Chicago Transit Authority officials today said they were very dissatisfied with an arbitrator's ruling on wage and working agreements for the CTA's two largest unions because it failed to consider and address critical financial issues facing the agency. The CTA has filed a dissenting opinion.
Due to long term funding problems and a new directive from the General Assembly to increase funding to the Retirement Plan, the CTA had argued for greater efficiency and flexibility in a number of areas, urged restraint in wages and sought greater employee contributions for benefits. The Interest Arbitration Award, which was issued by Arbitrator George R. Fleischli, did not make any changes to pension contributions, did not institute many of the proposed new efficiencies and did not exercise restraint in wage increases. It affects more than 8,600 CTA employees who work as bus operators, bus repairmen, bus servicers, and warehouse, treasury and office administrative staff. The award, which is binding, covers the period of January 1, 2004 through December 31, 2006.
"We are very disappointed with this outcome. The arbitrator punted," said CTA President Frank Kruesi. ?Arbitrators are supposed to decide issues, not avoid them. We were optimistic that an impartial third party could help us tackle some of the core problems on which we and the unions have failed to agree. Unfortunately, the result was harmful, not helpful. The arbitrator failed to act on any of the key issues, awarded a generous series of wage increases and dismantled rostering, which was an efficiency provision from the previous agreement."
Rostering allowed the CTA to schedule employees and pay overtime based on a 40-hour week instead of an 8-hour day.
"The most disturbing aspects of the award is that it does nothing to begin to resolve the problems that confront the CTA, its employees, and its retirees; does not state why it refuses to act; and, indeed, does not even mention the existence of the core problems," said Chicago Transit Board Chairman Carole Brown. ?Basically, it does nothing to help the CTA or the Retirement Plan meet looming financial challenges even though these are issues that directly impact all CTA employees. In fact, this award makes those challenges worse."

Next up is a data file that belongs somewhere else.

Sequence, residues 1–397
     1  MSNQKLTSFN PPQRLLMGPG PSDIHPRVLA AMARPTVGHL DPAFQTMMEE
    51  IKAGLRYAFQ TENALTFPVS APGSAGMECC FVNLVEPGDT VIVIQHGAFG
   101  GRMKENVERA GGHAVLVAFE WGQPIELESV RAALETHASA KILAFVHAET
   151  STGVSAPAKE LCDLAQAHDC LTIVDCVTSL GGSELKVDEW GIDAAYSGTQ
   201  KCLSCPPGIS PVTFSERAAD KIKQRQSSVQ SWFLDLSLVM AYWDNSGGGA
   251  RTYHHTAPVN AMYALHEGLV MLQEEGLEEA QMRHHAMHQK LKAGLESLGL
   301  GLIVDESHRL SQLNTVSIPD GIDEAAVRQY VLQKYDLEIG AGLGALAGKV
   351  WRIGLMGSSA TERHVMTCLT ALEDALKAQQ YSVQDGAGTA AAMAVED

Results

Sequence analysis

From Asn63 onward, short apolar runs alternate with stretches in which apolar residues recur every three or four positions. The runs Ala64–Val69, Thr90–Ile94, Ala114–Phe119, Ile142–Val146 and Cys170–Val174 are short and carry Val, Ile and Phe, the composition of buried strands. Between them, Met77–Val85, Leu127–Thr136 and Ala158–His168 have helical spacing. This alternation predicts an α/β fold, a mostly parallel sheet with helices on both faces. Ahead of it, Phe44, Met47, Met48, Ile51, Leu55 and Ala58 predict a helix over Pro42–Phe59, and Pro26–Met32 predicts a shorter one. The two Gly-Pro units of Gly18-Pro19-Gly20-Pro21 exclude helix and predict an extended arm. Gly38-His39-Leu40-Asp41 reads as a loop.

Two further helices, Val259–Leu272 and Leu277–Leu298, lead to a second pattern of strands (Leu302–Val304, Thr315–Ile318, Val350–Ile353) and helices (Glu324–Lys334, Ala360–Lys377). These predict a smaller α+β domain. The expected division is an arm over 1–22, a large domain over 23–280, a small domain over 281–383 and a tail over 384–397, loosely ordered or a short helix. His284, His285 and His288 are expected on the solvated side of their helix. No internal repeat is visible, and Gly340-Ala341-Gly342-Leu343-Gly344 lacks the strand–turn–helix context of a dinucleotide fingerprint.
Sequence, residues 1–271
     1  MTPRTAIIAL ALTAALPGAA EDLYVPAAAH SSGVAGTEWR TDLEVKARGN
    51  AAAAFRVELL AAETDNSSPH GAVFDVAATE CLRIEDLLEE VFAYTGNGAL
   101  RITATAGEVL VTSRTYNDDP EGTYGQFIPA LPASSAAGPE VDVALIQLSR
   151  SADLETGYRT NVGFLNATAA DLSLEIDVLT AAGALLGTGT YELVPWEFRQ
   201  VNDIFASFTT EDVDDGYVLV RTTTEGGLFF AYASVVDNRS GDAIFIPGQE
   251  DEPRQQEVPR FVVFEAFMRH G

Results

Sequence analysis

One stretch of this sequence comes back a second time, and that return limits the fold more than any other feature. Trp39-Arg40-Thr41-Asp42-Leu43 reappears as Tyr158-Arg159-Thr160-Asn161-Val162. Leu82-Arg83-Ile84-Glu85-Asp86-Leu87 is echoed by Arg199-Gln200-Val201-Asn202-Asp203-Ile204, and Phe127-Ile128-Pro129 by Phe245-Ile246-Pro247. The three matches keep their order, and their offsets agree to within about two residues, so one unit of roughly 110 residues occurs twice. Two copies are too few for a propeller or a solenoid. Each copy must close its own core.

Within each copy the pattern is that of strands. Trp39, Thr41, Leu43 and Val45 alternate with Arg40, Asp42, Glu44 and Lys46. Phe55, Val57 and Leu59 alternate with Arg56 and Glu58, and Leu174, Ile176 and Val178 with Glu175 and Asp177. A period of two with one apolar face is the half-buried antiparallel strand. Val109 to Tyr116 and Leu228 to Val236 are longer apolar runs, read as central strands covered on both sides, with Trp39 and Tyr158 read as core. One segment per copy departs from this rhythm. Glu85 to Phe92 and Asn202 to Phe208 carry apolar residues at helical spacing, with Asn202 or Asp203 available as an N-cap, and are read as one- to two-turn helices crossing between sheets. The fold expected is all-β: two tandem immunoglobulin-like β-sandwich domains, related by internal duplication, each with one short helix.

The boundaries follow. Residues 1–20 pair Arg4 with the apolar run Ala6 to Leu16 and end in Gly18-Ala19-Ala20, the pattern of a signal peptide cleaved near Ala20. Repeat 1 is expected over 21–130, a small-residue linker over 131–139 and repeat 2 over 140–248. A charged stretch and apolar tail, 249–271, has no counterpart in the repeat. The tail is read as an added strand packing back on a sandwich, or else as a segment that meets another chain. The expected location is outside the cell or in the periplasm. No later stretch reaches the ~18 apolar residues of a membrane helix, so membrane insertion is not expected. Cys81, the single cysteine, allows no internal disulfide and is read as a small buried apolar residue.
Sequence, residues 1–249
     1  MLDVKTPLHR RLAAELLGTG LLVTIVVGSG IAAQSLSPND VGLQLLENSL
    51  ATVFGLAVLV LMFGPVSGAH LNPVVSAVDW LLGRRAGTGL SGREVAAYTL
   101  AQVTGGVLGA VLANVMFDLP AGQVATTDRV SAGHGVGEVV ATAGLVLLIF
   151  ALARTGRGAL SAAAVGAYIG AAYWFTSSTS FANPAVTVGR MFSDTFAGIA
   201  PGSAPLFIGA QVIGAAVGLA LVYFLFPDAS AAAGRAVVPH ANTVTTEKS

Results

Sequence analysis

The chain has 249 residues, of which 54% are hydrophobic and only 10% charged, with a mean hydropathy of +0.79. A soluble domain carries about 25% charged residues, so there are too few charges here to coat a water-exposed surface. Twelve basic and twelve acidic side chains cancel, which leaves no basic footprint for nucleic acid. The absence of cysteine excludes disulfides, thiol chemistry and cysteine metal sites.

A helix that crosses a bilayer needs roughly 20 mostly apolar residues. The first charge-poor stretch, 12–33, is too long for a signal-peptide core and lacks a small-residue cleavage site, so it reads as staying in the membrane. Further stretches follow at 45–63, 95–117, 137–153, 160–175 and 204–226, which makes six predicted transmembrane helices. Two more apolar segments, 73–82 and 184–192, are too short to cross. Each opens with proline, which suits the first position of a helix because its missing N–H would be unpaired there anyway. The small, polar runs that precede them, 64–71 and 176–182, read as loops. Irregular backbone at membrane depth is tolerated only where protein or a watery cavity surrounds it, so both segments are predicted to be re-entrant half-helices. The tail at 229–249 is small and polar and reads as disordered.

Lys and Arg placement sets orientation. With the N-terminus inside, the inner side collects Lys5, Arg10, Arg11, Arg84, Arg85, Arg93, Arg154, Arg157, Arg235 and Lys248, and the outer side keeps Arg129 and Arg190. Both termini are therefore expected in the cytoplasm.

?The Authority proposed that both the CTA and its employees increase contributions for both pension and healthcare to be consistent with the benefit and contribution levels for other public employees, including State of Illinois employees and public teachers," she added. ?It is simply not sustainable for the CTA pension plan to continue to provide free health care coverage to its retirees."
The award includes retroactive wage increases of 3 percent, 3.25 percent, and 3.5 percent r-spectively for each year of the three year term of the agreement.
The ruling did not change pension contribution amounts or contributions for any other benefits, nor did it incorporate many of the operating efficiencies proposed by the CTA.
In bargaining and interest arbitration, the CTA made addressing pension and health care issues a top priority, continued to press for greater efficiency and flexibility in operations, and urged restraint in wages. It proposed that both the CTA and its employees increase contributions for both pension and healthcare, and the CTA also proposed changes in the benefit structure. These proposals were fair and reasonable and also consistent with the benefit and contribution levels for other public employees including State of Illinois employees and public teachers. In interest arbitration, the CTA presented hundreds of exhibits and thousands of pages of testimony by management and outside experts in support of its proposals, including its proposals for operational efficiencies, active and retiree health care and retirement funding.
By contrast, the unions sought wage increases far in excess of current national averages, attempted to expand archaic work practices, and steadfastly resisted greater sharing of the growing cost of benefits. As for the financial crisis, at the outset of these proceedings, the unions essentially took the position that the General Assembly would ultimately assume responsibility for the CTA's financial crisis, and therefore, the award did not need to consider facts related to CTA finances and the precarious state of the Retirement Plan. Well before the award issued, however, state officials made it clear that it was the CTA's responsibility to meet the new statutory requirements without any additional funding or other assistance from the State of Illinois.
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